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Marine59to79
Replace insulated window pane inserts

Is there a way for me to replace the glass inserts
in insulated double pane windows?

A local contractor quoted a price of over $800.00
for three windows. He removed the plactic strips
exposing the glass ( for measurements )and it
looks as though it may not be too hard to do.

There is condensation between the panes and
rust/corrosion is showing inside the area where
the gas is supposed to be.

Tony
Re: Replace insulated window pane inserts

If it is that easy to expose the glass, think about DIY. Get some prices from a local glass house on what you need. After the old glass is removed, there is a lip the glass rests against. Clean it thoroughly and put a bead of silicone caulk on the lip before putting in the new glass. Put in your snap trim and you should be done. I would try it on one pane of glass and see how it goes. If it goes ok then I would continue. If not, you can always get a contractor to finish it. But I think I would get a few more prices, $800.00 Sounds pretty steep. Most contractors charge in the neighborhood of $100.00 per opening (plus the window cost)to install a NEW window!!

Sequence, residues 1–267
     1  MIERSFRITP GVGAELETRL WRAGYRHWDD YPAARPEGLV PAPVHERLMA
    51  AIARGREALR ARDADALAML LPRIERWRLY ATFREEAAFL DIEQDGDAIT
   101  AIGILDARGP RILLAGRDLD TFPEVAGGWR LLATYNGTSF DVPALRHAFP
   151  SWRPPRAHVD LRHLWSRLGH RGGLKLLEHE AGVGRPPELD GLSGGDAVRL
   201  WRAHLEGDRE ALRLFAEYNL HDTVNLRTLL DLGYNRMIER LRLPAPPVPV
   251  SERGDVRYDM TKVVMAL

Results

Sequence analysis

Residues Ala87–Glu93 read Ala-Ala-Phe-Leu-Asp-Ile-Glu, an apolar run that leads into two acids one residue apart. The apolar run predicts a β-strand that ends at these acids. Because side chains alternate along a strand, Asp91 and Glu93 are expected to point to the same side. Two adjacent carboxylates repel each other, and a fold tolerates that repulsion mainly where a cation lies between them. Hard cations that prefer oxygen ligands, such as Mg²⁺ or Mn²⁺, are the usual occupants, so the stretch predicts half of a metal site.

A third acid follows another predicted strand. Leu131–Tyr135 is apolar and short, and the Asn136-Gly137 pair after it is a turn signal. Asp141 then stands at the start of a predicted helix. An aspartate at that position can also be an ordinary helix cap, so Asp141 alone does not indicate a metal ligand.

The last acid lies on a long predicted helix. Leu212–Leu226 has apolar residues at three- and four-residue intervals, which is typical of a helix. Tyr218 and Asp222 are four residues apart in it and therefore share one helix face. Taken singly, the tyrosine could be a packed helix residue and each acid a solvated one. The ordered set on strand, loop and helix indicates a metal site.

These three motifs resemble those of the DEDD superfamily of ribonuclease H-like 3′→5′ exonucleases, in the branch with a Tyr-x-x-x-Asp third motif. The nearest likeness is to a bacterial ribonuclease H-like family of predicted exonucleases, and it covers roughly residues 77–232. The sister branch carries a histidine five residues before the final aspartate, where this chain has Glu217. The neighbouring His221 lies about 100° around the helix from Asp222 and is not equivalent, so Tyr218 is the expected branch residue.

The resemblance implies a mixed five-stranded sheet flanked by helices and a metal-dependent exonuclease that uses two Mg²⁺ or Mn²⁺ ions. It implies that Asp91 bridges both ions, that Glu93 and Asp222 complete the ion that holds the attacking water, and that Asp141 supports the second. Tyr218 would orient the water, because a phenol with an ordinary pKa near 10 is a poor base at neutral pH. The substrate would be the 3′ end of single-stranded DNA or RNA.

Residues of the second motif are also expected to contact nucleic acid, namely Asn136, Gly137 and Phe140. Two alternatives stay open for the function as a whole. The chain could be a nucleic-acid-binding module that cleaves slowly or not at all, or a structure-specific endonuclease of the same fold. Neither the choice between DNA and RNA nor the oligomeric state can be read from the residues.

Calcats ;)

Marine59to79
Re: Replace insulated window pane inserts

Same thing I was thinking. Only problem is that I am in Eastern North Carolina near Camp Lejeune and of all the glass places I have found in the phone book - none sell the pre made inserts that I need. They also " do not know of anyone that sells them ".
I am looking around closer to Raleigh/Durham and Wilmington.
There has to be a place close to here. The contractor said that
if he ordered them in the morning they would be here that same day. What is the builders name for the glass that I need?
I am looking for low E glass, double pane, with a gas between
and preferably with the small white strips in side to make it
look like there are six sections to each window?

Tony
Re: Replace insulated window pane inserts

You need to ask for insulated glass with low-e coating and gas insulation and interior grids 6 over 6 (gbg = grids between glass). This will make it look like there are 6 pieces of glass on the top and 6 pieces of glass on the bottom of the window. Make sure they know where you live at the manufacturer's so they know where to put the low-e coated glass, you want it on the second surface. That is counting the sides of the exterior glass as 1 and the interior side of the exterior glass as 2, the interior of the inside piece of glass as 3 and the extreme interior side of the inside glass as 4. Hope this isn't too confusing. Don't worry though, if you tell them you want the low-e on the second surface they will know what to do. Hope this helps.

Calcats ;)

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